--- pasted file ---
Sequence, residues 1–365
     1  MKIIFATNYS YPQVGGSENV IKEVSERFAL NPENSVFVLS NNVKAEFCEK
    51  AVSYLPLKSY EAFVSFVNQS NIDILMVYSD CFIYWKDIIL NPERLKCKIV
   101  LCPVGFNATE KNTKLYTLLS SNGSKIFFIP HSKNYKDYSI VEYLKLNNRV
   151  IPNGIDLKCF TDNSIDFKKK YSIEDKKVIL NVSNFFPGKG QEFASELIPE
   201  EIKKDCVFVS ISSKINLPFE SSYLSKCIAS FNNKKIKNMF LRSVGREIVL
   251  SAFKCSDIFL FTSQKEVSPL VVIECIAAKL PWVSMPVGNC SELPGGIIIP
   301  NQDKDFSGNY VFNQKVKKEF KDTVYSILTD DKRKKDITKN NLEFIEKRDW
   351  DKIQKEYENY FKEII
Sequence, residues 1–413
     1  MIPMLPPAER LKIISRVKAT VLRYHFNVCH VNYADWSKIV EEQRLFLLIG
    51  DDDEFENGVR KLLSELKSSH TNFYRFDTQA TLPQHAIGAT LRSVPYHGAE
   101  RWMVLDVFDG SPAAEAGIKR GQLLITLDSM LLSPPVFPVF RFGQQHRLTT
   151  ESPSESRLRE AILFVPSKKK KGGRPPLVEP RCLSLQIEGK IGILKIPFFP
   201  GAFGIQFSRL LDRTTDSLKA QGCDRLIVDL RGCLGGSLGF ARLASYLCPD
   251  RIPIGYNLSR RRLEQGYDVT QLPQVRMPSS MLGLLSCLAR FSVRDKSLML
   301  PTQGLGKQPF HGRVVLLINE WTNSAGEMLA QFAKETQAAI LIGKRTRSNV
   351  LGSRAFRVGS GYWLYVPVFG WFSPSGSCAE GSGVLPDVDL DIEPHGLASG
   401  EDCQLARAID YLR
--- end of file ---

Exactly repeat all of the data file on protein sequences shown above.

Sequence, residues 1–365
     1  MKIIFATNYS YPQVGGSENV IKEVSERFAL NPENSVFVLS NNVKAEFCEK
    51  AVSYLPLKSY EAFVSFVNQS NIDILMVYSD CFIYWKDIIL NPERLKCKIV
   101  LCPVGFNATE KNTKLYTLLS SNGSKIFFIP HSKNYKDYSI VEYLKLNNRV
   151  IPNGIDLKCF TDNSIDFKKK YSIEDKKVIL NVSNFFPGKG QEFASELIPE
   201  EIKKDCVFVS ISSKINLPFE SSYLSKCIAS FNNKKIKNMF LRSVGREIVL
   251  SAFKCSDIFL FTSQKEVSPL VVIECIAAKL PWVSMPVGNC SELPGGIIIP
   301  NQDKDFSGNY VFNQKVKKEF KDTVYSILTD DKRKKDITKN NLEFIEKRDW
   351  DKIQKEYENY FKEII
Sequence, residues 1–413
     1  MIPMLPPAER LKIISRVKAT VLRYHFNVCH VNYADWSKIV EEQRLFLLIG
    51  DDDEFENGVR KLLSELKSSH TNFYRFDTQA TLPQHAIGAT LRSVPYHGAE
   101  RWMVLDVFDG SPAAEAGIKR GQLLITLDSM LLSPPVFPVF RFGQQHRLTT
   151  ESPSESRLRE AILFVPSKKK KGGRPPLVEP RCLSLQIEGK IGILKIPFFP
   201  GAFGIQFSRL LDRTTDSLKA QGCDRLIVDL RGCLGGSLGF ARLASYLCPD
   251  RIPIGYNLSR RRLEQGYDVT QLPQVRMPSS MLGLLSCLAR FSVRDKSLML
   301  PTQGLGKQPF HGRVVLLINE WTNSAGEMLA QFAKETQAAI LIGKRTRSNV
   351  LGSRAFRVGS GYWLYVPVFG WFSPSGSCAE GSGVLPDVDL DIEPHGLASG
   401  EDCQLARAID YLR